Sidney H. Griffith. The Bible in Arabic: The Scriptures of the 'People of the Book' in the Language of Islam. Princeton: Princeton University Press, 2013.
Sidney Griffith, now professor emeritus at the Catholic University of America, has long been one of the most respected voices in the scholarly discussion of Christians living in the Middle East before and during the early Islamic period. His latest monograph, The Bible in Arabic, takes up those longstanding concerns and expands them in new directions to fit the breadth of its topic, leading its reader on a tour from pre-Islamic Arabia to early modern Europe in search of Arabic translations of the Bible.
Griffith begins by addressing an old commonplace among scholars of the Qur’an, namely that the Christians with whom the Arabic scripture is in dialogue must have been members of otherwise little-known “heretical” sects with beliefs and practices placing them on the fringes of Christian identity. This has long been a scholarly way of explaining what seem to be strange attacks on Christian orthodoxies within the Qur’an, such as its suggestion that Jesus may have told his followers to worship himself and his mother as two gods alongside the one true God. Scholars have scoured Arabia for centuries on a quest for evidence of “Mariolatrous” sects of Christianity, yet Griffith argues, here as elsewhere, that the Christian communities in the audience of the Qur’an were more or less mainstream members of the three major sects of world Christianity at the time, and that the Qur’an’s seemingly strange polemics should instead be seen as intentional rhetorical twists on Christian ideas.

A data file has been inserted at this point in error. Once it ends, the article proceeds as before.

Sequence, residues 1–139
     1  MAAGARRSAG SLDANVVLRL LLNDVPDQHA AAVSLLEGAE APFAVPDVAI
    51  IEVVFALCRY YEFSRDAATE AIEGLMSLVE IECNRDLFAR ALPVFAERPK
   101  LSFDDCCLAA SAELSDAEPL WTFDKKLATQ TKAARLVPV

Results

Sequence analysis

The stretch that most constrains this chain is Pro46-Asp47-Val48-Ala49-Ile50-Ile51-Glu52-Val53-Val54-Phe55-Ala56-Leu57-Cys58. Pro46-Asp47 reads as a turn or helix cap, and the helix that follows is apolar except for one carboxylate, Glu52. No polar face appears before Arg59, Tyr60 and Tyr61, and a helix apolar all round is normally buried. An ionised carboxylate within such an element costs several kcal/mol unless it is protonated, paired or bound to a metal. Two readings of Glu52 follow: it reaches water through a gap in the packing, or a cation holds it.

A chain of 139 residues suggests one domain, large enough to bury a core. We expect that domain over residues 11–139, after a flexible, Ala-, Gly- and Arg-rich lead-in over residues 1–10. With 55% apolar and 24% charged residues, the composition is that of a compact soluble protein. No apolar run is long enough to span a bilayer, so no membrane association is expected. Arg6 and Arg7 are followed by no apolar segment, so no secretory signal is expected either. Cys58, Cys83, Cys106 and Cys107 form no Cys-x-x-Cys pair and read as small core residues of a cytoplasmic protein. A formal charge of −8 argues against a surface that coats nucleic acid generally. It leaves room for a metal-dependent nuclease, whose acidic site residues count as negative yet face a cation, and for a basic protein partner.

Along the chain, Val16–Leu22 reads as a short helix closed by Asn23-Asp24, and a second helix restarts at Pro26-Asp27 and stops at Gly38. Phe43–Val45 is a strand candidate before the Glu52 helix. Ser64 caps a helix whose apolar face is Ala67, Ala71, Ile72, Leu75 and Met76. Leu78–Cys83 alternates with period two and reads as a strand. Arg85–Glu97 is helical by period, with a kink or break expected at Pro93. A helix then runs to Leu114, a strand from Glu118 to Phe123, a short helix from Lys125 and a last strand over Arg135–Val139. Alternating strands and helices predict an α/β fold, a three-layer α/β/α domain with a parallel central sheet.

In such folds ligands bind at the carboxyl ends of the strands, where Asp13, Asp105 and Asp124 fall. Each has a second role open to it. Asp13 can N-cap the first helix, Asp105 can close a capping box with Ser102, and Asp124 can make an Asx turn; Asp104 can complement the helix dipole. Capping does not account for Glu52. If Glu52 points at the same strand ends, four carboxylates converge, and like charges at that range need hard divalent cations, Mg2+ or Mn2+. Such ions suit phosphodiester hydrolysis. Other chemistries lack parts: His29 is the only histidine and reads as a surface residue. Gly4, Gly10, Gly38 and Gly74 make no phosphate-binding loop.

This issue of identification aside, much of the first half of the book is devoted to determining the date and context of the earliest written Arabic translations of the Bible among both Jews and Christians, and particularly whether there is any evidence that such translations may have been in existence before the advent of the Arabic Qur’an, as argued by Hikmat Kachouh and other scholars. To make a long story short, Griffith finds no conclusive evidence for such an early date, and in fact argues what may be a somewhat counterintuitive point: that the publication of the Qur’an was itself the major catalyst for Jewish and Christian efforts to translate their own scriptures into the newly dominant regional language, and that the influence of the Qur’an upon the lexicon and style of classical Arabic in turn means that these translations are necessarily marked by numerous Qur’anic turns of phrase.